The 2010 winner, Dr Quadeer Arshad, has a background as a clinical scientist and was awarded the prize for his work on ‘An objective test of otolith function using the ocular counter-roll afterimage device’. Since winning, he has gone on to develop his research career, contributing to 31 papers published in the neuro-otology field. These cover a wide range of topics from clinical aspects, such as use of transcranial direct stimulation as a novel therapy, to using transcranial magnetic stimulation as a tool to investigate adaptations in the visual cortex. He is now working as an honorary lecturer in vestibular cognition and spatial orientation in the division of brain sciences at Imperial College London. His research interests include how interhemispheric competition influences vestibular cortical functions and vestibular cognition in healthy individuals and patients with asymmetrical neurological damage.
“Although very much still in its infancy, the Hallpike Prize has already seen some exciting and inspiring winners so far and we hope this pattern will continue.”
The 2011 winner was Dr Peter West, current BAAP President elect, and Consultant Audiovestibular Physician at Queen Alexandra Hospital, Portsmouth Dr West was awarded the prize for his research entitled, ‘A comparison of the techniques available for identifying peripheral vestibular nystagmus’. He continues to promote the use of evidence-based clinical practice in the field of neuro-otology via his roles in the BAAP and the Balance Special Interest Group of the British Society of Audiology. Recent work includes initiation of national audit on practice of vestibular assessment as part of the BAAP National Audit Committee.
In 2012, Dr Mahmood Bhutta was awarded the prize for his work on an animal model of otitis media with effusion (OME). Although OME is one of the most common conditions we see, there remains controversy over effectiveness of management strategies and relatively little is known about the underlying pathophysiological mechanisms. Dr Bhutta has subsequently gone on to pursue investigation of the genetic predisposition for otitis media. At present, he is running a large-scale project in conjunction with the UCL Ear institute and MRC Harwell, using cutting edge gene sequencing technology to search for mutations in two genes identified as key in the inflammatory process underlying OME. Impressively, the study has been attributed as having the largest collection of DNA samples in the world for this condition, with samples from around 1300 families.
In 2013 Dr Mitesh Patel, PhD, was awarded the prize for his work on ‘Locomotor adaptation in Meniere’s disease and vestibular neuritis patients’, using the ‘broken escalator’ paradigm to look at the complex interaction the vestibular system plays in feed-forward motor control. Although the paradigm used is still currently very much a research tool, it is helping us to understand the role of feedforward motor control and learning has potential impact on the development of novel rehabilitation techniques. In particular, this is of relevance to management of central vestibular dysfunction. Dr Patel has continued to do further work investigating locomotor adaptation, Ménière’s disease and their effects on postural control and oculomotor function. He currently is working as an honorary research associate in the Imperial College neuro-otology unit.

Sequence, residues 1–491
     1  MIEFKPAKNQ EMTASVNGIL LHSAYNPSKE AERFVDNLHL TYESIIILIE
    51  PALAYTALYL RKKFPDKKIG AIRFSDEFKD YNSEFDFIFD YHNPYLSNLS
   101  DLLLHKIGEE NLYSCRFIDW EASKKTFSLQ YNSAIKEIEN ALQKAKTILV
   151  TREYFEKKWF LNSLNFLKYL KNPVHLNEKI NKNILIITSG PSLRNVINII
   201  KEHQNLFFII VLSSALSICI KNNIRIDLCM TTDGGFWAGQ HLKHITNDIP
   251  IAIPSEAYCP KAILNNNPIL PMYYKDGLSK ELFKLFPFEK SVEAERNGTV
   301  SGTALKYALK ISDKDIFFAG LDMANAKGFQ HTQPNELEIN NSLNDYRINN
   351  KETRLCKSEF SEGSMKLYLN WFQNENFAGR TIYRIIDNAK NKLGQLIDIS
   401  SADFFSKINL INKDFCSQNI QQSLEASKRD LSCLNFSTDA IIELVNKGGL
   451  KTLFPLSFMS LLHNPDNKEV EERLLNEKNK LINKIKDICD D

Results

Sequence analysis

The 2014 winner was Dr Diego Kaski for his work on demonstrating how the temporo-parietal junction acts as an internal clock for self-motion perception. He has contributed to over 60 publications covering diverse aspects of neurology and neuro-otology, from clinical aspects of movement disorders to visual dependency following vestibular neuritis. He is also a prior recipient of the Barany Young Scientist Award and is currently finishing his speciality training in neurology with intention to set up an academic neuro-otology unit in the future.
The 2015 winner Dr Hena Ahmad MRCP work on reduced visual cortical excitability in patients with bilateral peripheral vestibular failure. She has completed her PhD and has started training as a speciality registrar in neurology, based in London.
The Hallpike Prize has already seen some exciting and inspiring winners, and we hope this pattern will continue. Winners are given the opportunity to present their findings at the British Association of Audio-vestibular Physicians National Conference annually. The prize of £300 is awarded annually for the best project of the past 24 month period (research, audit or review of subject) in the area of audiovestibular medicine, and is open to anyone regardless of background. Submission is via a structured A4 form summarising the project and further details can be found on the BAAP website (www.BAAP.org.uk). We hope that learning a bit more about the background and ethos behind the Hallpike Prize inspires the passion to explore your curiosity and we look forward to your future submission.
British Association of Audiovestibular Physicians. Hallpike Prize guidelines. www.baap.org.uk/Resources/ResearchandPrizes.aspx